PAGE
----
By allowing ads to appear on this site, you support the local businesses who, in turn, support great journalism.
Kershaw County robotics team hosts open house Monday
2015 FTC Team Picture Web
The FIRST Tech Challenge team includes (from left, front row) Michael Hanlon, Hudson Huckfeldt and Stefon Aaron from Camden Military Academy; and Daniel Putnam and Kelly Welch from Camden Middle School. On the back row are (from left) mentors Paul Sullivan, Jamie Hames and Henry Bull - photo by Provided by the KCSD

The Kershaw County Robotics Team (KC Robotics Team) will hold its annual open house on Monday from 5 to 7 p.m. in the Lugoff-Elgin High School Annex building. During the open house, the public will have the chance to talk to team members and mentors about the multiple aspects involved in designing and building different robots, the excitement of participating in the various competitions, and they will be able to test drive the robots.

The KC Robotics Team is open to 6th through 12th grade students of Kershaw County schools, including public, private and home schools. The team participates every year in two robot challenges designed by FIRST® ( and other off season competitions.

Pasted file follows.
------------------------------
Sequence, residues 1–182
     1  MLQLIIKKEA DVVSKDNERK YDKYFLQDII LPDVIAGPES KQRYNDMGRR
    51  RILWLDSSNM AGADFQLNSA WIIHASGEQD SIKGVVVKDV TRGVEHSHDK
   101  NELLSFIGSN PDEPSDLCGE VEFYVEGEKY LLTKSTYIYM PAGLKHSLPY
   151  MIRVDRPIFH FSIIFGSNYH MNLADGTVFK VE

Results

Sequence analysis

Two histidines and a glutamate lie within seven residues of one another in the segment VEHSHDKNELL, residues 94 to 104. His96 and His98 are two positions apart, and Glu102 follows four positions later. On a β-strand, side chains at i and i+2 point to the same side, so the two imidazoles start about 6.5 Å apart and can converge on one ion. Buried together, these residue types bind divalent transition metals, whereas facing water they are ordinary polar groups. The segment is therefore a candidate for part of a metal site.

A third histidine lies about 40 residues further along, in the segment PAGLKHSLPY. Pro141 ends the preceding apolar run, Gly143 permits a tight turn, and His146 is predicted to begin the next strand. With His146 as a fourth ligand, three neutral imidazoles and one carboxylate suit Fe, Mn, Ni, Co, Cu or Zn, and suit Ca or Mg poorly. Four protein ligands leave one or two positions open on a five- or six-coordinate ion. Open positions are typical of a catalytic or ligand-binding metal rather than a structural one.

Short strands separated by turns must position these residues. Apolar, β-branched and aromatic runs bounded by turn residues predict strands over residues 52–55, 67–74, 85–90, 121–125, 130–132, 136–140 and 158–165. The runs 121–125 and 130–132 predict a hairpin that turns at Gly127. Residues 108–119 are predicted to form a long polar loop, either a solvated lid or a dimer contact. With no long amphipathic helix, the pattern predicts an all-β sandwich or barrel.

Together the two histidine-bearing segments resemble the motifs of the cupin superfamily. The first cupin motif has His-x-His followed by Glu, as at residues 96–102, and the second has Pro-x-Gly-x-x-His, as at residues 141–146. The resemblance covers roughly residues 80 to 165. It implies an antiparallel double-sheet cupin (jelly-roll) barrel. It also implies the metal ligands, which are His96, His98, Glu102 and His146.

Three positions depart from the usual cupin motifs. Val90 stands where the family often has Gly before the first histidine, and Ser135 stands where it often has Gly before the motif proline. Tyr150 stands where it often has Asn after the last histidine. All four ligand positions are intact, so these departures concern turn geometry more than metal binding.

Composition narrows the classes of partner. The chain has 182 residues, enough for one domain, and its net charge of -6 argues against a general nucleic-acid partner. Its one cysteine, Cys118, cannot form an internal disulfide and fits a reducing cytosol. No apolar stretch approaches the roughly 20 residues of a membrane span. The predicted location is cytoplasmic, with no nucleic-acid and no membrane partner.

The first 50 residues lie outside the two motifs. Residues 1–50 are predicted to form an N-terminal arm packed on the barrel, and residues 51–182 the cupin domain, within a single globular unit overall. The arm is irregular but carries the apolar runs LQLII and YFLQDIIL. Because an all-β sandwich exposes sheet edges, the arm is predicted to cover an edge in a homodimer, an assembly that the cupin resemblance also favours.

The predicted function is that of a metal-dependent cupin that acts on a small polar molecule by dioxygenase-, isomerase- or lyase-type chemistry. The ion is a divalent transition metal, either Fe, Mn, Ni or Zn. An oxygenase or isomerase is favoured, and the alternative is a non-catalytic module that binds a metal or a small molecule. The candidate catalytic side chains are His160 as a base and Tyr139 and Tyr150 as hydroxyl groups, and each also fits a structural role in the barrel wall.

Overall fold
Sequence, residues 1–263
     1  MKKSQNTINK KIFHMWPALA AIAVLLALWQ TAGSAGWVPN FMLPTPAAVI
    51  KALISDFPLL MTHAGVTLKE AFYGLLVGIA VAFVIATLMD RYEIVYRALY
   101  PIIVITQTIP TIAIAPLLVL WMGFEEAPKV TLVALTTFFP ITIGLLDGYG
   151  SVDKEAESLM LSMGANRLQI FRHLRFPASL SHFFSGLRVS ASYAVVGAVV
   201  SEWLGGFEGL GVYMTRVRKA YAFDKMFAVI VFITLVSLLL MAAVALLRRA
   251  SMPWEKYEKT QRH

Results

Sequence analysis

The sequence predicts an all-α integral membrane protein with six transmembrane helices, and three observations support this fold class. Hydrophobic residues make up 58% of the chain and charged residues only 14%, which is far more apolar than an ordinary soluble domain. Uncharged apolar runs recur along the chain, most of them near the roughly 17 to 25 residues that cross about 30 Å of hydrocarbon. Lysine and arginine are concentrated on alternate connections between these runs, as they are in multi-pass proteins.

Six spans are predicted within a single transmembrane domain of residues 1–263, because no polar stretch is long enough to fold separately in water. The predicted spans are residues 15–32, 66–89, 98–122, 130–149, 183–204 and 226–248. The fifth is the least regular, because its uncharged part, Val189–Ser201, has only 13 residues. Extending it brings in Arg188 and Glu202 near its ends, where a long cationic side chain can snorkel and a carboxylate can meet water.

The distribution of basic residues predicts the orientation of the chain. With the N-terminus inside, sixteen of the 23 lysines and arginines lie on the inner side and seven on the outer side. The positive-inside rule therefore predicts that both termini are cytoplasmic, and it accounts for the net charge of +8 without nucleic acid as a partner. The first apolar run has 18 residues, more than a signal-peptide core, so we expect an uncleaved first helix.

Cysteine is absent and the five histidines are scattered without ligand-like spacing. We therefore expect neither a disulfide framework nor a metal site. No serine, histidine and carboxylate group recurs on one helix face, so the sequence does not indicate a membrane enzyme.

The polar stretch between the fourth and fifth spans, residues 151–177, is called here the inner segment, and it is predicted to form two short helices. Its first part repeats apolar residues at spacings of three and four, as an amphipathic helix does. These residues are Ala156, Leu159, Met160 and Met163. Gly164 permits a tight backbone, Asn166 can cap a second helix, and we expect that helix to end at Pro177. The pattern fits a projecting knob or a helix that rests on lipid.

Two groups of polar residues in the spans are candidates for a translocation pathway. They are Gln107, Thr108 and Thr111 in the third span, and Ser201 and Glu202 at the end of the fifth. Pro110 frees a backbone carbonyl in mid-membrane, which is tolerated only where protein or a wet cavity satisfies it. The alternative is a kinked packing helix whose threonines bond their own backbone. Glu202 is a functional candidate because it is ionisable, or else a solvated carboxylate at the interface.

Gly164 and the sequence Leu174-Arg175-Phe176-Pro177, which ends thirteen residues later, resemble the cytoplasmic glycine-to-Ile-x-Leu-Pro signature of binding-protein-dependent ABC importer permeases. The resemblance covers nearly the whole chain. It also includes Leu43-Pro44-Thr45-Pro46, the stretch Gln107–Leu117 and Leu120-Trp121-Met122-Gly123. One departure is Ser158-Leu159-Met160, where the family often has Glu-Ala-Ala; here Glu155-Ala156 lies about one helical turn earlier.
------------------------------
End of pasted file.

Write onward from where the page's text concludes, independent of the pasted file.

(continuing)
The middle school students and some high school students designed the “small robot” which competed in the FIRST Tech Challenge® (FTC®) at the end of January. In this year’s challenge, “Cascade Effect,” the robot is expected to score points by picking up plastic balls and inserting them in goals of different heights which then need to be guided to the team goal. During this year’s state competition, the team was able to advance to the elimination rounds, but during the semifinals, one of the robots in the alliance malfunctioned, which prevented moving on to the final round. During the awards ceremony, the KC Robotics Team was the recipient of two awards: 1st Place, Rockwell Collins Innovate Award; and 2nd place, FTC Inspire Award.

According to the competition manual, the Rockwell Collins Innovate Award “celebrates a team that not only thinks outside the box, but also has the ingenuity and inventiveness to make their designs come to life” and the FTC Inspire Award is presented to a team that “has performed well in all Judging categories and was chosen by the Judges as a model FIRST Tech Challenge Team.” The second award granted the team the opportunity to participate in the national competition in San Antonio, Texas, but due to lack of funding, the KC Robotics Team had to decline the invitation.